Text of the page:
Why? These guys have faced obstacles we can never imagine ,and they’ve overcome them. Through the years their knowledge has become available to us, and we must apply it. I’m sure if Twitter thought like a telco, and built Twitter the way a telco would, it would have never broken a sweat handling all those tweats.  But I’m not one to criticise, on with the story.

What is messaging, and why is it important?

Good question! Wikipedia sums it up like this:

There are two main senses of the word “message” in computer science: messages passed within software, which may or may not be human-readable, and human-readable messages delivered via computer software for person-to-person communication.

We’ll be focussing on the first sense, “messages passed within software”.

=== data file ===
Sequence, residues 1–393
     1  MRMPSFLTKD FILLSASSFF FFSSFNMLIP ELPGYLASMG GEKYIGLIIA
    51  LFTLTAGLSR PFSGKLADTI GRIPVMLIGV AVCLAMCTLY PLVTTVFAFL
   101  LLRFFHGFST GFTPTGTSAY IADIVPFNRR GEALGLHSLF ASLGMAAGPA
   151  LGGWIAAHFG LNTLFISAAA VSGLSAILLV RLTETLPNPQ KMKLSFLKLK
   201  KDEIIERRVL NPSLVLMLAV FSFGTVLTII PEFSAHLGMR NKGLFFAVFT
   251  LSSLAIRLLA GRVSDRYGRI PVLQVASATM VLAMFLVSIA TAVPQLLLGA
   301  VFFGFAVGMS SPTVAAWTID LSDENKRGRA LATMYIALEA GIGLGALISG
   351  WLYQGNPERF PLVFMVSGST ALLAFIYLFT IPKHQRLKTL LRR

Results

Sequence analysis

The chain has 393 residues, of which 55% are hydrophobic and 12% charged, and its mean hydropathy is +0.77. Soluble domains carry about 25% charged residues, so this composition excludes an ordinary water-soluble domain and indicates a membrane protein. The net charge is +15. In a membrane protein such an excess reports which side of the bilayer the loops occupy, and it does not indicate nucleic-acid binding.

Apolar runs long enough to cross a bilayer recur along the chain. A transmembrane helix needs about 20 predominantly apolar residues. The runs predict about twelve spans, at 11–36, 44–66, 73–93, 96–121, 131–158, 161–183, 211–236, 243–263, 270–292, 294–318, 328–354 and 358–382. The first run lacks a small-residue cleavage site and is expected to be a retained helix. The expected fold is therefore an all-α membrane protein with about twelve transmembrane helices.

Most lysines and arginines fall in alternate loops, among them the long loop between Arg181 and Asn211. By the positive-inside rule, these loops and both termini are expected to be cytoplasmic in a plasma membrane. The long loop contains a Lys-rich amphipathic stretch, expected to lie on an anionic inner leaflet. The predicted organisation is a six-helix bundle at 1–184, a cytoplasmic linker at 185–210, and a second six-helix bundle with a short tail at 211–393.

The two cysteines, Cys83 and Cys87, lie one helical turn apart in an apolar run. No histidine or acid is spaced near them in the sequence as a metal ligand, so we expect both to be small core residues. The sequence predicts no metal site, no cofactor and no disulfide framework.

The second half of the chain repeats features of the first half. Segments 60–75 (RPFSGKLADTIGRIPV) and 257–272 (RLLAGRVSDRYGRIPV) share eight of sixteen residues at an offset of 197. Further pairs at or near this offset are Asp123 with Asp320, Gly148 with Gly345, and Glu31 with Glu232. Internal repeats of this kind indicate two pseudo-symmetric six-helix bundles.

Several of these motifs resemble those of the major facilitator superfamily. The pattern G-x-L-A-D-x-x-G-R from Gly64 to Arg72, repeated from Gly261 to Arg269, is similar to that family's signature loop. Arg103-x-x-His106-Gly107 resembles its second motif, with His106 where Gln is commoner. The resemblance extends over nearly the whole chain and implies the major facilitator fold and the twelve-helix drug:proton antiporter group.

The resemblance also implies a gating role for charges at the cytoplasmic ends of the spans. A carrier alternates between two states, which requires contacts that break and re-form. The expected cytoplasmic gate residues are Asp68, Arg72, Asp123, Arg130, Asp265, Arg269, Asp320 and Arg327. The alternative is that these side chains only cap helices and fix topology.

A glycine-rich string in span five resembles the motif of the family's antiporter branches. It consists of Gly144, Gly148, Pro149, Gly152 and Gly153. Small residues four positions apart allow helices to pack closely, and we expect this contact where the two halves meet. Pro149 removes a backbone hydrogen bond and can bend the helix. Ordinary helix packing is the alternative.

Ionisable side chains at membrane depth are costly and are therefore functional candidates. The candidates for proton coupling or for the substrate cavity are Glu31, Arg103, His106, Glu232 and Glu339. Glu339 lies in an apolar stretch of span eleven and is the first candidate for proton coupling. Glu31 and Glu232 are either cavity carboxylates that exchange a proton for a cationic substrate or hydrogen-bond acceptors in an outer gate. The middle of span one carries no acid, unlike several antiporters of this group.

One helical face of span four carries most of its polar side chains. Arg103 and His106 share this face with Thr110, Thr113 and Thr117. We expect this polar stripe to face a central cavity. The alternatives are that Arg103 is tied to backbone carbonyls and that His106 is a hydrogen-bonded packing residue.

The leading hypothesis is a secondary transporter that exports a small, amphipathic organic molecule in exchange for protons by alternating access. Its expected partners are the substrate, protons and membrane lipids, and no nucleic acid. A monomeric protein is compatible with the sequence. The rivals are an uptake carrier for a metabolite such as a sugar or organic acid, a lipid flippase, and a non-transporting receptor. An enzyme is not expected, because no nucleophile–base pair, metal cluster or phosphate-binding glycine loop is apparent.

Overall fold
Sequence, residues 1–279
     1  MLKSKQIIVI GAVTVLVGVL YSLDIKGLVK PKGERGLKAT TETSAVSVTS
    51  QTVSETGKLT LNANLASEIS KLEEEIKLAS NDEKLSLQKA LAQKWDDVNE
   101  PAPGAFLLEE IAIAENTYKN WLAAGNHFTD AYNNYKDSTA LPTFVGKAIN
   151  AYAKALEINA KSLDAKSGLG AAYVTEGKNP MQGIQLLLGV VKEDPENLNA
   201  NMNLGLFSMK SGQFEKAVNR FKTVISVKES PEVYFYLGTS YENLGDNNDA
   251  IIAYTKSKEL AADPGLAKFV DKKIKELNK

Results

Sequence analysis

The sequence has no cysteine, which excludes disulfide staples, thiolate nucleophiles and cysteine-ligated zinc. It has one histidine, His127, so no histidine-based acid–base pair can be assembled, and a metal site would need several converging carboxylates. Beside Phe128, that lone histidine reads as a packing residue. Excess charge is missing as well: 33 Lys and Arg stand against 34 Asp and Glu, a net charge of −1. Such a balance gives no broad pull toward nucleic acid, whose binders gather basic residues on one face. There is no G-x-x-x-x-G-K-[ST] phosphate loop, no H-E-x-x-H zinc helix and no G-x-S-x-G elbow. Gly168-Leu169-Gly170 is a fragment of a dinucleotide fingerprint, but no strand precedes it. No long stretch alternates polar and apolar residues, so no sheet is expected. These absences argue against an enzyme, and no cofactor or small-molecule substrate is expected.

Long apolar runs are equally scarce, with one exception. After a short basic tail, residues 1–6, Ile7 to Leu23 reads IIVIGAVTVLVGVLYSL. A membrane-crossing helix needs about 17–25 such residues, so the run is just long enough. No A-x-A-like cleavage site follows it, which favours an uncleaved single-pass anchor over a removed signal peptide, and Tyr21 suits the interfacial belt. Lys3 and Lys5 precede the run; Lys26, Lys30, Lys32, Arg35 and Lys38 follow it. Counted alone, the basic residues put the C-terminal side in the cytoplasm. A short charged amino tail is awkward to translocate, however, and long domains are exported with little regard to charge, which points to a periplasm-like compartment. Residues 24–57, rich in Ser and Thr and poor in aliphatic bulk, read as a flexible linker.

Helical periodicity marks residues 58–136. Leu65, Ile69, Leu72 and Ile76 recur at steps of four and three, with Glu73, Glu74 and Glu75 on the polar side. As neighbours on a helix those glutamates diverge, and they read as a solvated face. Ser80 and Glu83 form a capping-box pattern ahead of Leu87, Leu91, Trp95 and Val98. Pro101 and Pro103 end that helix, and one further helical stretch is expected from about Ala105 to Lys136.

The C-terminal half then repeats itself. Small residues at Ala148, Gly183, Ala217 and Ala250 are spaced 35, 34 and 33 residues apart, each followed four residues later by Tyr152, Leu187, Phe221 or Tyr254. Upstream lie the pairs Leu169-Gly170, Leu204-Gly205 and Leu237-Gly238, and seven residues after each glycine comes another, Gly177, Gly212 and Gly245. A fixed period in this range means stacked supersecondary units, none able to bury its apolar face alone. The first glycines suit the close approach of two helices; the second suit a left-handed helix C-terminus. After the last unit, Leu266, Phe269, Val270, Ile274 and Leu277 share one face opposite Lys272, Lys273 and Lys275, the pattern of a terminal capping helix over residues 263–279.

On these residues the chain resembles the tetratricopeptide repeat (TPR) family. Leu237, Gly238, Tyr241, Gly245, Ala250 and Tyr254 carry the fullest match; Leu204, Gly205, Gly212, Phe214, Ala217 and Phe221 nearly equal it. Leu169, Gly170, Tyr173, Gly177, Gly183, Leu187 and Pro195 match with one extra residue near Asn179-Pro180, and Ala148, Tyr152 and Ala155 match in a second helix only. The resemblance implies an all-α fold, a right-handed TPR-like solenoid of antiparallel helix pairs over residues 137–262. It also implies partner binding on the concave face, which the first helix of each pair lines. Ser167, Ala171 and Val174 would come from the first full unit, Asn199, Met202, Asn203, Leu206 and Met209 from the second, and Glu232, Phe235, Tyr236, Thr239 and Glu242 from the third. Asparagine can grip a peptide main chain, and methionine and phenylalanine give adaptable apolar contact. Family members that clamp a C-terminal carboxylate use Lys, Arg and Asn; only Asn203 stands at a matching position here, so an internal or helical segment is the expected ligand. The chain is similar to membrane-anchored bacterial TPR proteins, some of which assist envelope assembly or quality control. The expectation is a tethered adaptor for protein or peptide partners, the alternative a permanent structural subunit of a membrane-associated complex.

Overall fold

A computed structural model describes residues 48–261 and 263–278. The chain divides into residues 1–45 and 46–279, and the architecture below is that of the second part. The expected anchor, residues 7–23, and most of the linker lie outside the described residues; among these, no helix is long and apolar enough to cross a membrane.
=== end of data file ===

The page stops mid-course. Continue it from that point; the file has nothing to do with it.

Why is messaging important?

It allows us to build systems that have the following characteristics:

  1. Snappy websites that don’t block while performing expensive operations (sending mail, resizing photo’s, encoding videos, etc).
  2. Horizontal scalability, just throw in more instances of your program to speed up processing
  3. Loosely coupled components that merely ‘talk’ to each other
  4. Ability to easily replace Ruby with something else for specific tasks

By passing simple messages around between different processes, or systems, we can build an ecosystem from smaller, more specialized components and then allow users to interact with the ecosystem as whole, as opposed to a monolithic compound.

Nature has proven over and over again how effective ecosystems are at surviving by evolving. Having loosely coupled components that exist independently, but talk to each other via messages, allows you to build extremely powerful systems, that would by virtue, scale indefinitely and evolve constantly.

Awesome! How do I do it?